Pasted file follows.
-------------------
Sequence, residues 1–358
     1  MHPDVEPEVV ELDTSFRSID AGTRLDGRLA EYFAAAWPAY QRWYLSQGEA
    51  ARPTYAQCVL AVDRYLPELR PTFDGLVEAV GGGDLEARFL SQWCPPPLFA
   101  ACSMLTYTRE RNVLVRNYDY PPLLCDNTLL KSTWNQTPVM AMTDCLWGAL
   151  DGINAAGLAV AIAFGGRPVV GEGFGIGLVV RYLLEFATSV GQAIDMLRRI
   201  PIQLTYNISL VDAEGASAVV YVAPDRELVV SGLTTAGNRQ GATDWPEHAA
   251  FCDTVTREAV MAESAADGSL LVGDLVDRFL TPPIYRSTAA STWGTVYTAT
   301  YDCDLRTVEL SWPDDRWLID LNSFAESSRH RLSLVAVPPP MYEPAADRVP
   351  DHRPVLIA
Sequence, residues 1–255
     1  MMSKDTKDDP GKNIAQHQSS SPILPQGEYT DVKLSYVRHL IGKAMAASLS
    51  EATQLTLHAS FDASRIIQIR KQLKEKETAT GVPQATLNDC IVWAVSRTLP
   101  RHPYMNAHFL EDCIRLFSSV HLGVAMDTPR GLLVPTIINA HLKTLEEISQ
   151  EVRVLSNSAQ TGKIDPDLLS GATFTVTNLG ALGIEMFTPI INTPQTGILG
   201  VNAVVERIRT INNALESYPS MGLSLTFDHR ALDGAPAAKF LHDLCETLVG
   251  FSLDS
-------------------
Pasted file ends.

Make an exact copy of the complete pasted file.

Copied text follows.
Sequence, residues 1–358
     1  MHPDVEPEVV ELDTSFRSID AGTRLDGRLA EYFAAAWPAY QRWYLSQGEA
    51  ARPTYAQCVL AVDRYLPELR PTFDGLVEAV GGGDLEARFL SQWCPPPLFA
   101  ACSMLTYTRE RNVLVRNYDY PPLLCDNTLL KSTWNQTPVM AMTDCLWGAL
   151  DGINAAGLAV AIAFGGRPVV GEGFGIGLVV RYLLEFATSV GQAIDMLRRI
   201  PIQLTYNISL VDAEGASAVV YVAPDRELVV SGLTTAGNRQ GATDWPEHAA
   251  FCDTVTREAV MAESAADGSL LVGDLVDRFL TPPIYRSTAA STWGTVYTAT
   301  YDCDLRTVEL SWPDDRWLID LNSFAESSRH RLSLVAVPPP MYEPAADRVP
   351  DHRPVLIA
Sequence, residues 1–255
     1  MMSKDTKDDP GKNIAQHQSS SPILPQGEYT DVKLSYVRHL IGKAMAASLS
    51  EATQLTLHAS FDASRIIQIR KQLKEKETAT GVPQATLNDC IVWAVSRTLP
   101  RHPYMNAHFL EDCIRLFSSV HLGVAMDTPR GLLVPTIINA HLKTLEEISQ
   151  EVRVLSNSAQ TGKIDPDLLS GATFTVTNLG ALGIEMFTPI INTPQTGILG
   201  VNAVVERIRT INNALESYPS MGLSLTFDHR ALDGAPAAKF LHDLCETLVG
   251  FSLDS